Wikipedia will black out its English-version site today in protest of two anti-piracy bills, the Stop Online Piracy Act (SOPA) and the ProtectIP Act (PIPA), now under review in the U.S. House of Representatives and the U.S. Senate respectively. SOPA and PIPA are directed at websites involved in copyright infringement but they also include anti-circumvention provisions that will allow the government to target sites provide information that could assist users’ trying to circumvent these bills’ censorship mechanisms. Trevor Timm, writing for the Electronic Frontier Foundation, argues that this provision “would not only amount to an unconstitutional prior restraint against protected speech, but would severely damage online innovation. And contrary to claims by SOPA’s supporters, this provision—at least what’s been proposed so far—applies to all websites, even those in the U.S.”
In addition to Wikipedia, Google, Yahoo and Facebook have expressed their opposition to SOPA and PIPA. In contrast, organizations and companies such as the Museum Picture Association of America (MPAA) to Pfizer Inc. and Harley-Davidson Motor Company defend the bills as a much needed attempt to control rogue websites trafficking in everything from stolen movies to prescription drugs.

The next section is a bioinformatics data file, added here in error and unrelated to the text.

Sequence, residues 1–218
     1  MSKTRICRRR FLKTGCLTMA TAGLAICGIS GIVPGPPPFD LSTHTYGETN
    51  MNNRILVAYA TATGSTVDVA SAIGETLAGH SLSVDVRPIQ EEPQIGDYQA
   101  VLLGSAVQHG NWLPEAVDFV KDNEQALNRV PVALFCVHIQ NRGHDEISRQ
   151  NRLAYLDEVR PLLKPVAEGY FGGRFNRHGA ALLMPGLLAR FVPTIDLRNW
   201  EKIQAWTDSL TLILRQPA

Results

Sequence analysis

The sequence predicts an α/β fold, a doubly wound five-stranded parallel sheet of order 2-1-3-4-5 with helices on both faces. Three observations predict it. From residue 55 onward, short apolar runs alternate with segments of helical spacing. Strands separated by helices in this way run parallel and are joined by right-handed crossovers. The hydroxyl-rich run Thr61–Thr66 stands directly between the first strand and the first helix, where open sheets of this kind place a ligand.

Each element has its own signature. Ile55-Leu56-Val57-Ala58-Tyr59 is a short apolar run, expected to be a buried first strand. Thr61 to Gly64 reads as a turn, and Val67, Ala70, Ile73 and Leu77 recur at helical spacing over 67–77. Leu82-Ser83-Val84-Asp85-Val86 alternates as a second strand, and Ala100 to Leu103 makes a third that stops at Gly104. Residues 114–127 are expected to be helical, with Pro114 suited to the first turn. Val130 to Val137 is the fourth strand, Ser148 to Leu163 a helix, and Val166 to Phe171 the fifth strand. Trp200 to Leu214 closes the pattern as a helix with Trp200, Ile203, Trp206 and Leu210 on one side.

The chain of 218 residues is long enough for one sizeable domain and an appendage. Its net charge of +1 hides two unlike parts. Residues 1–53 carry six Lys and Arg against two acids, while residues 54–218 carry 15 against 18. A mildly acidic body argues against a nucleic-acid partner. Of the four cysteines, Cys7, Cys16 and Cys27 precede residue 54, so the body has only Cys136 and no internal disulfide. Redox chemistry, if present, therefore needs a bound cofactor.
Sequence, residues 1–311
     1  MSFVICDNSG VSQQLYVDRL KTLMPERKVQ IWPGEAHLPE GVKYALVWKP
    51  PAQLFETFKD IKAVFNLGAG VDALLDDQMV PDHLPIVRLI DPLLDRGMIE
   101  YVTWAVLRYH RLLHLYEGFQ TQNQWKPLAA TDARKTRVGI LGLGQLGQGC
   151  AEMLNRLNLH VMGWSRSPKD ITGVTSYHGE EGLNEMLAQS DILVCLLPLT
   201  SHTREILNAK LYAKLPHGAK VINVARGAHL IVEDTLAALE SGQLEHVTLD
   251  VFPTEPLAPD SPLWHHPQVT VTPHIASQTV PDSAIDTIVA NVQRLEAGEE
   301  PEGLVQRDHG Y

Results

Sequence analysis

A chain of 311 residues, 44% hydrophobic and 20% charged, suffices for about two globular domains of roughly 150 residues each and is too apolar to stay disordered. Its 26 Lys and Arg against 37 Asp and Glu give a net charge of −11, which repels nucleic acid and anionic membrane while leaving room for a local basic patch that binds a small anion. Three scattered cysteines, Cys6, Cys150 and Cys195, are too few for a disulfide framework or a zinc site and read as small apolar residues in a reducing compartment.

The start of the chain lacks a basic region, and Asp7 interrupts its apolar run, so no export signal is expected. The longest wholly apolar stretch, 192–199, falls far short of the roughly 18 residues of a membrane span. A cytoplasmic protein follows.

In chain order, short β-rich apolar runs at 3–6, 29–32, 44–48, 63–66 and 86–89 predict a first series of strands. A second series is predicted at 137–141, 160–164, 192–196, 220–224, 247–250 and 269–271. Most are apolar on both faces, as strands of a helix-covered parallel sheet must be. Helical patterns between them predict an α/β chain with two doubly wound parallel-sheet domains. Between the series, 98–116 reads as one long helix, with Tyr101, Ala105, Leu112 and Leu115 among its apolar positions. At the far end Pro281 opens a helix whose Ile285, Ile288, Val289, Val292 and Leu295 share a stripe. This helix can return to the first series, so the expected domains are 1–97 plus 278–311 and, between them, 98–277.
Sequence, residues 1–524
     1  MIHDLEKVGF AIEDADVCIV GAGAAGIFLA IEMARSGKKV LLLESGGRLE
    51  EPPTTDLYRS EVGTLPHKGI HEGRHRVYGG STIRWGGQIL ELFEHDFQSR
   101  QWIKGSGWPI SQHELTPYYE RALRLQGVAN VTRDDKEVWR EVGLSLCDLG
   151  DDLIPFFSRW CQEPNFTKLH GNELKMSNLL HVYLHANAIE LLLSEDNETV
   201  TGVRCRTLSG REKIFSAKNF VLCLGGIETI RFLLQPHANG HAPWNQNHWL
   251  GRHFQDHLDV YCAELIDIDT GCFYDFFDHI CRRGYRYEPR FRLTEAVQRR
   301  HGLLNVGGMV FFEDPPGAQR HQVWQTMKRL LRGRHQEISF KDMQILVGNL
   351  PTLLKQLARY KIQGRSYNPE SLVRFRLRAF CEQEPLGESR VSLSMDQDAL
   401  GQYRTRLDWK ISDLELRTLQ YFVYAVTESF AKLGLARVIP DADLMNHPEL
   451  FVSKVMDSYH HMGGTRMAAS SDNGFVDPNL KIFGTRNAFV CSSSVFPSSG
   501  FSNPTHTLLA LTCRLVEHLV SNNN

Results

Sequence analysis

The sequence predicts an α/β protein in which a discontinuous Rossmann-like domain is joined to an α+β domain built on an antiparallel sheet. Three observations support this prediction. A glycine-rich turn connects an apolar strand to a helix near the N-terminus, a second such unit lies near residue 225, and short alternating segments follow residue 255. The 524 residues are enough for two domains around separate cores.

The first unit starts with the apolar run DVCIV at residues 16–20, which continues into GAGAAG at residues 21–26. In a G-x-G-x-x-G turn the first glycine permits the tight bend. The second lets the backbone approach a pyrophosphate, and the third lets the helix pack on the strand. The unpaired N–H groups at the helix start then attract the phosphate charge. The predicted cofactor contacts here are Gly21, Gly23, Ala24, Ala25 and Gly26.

To read more:
Wikipedia’s Press Release and their administrative statement — “SOPA initiative/Action”
H.R. 3261 – Stop Online Piracy Act
S. 968 – Protect IP Act
PCWorld, “SOPA and PIPA: Just the Facts”
Trevor Timm (Electronic Frontier Foundation), “How PIPA and SOPA Violate White House Principles Supporting Free Speech and Innovation”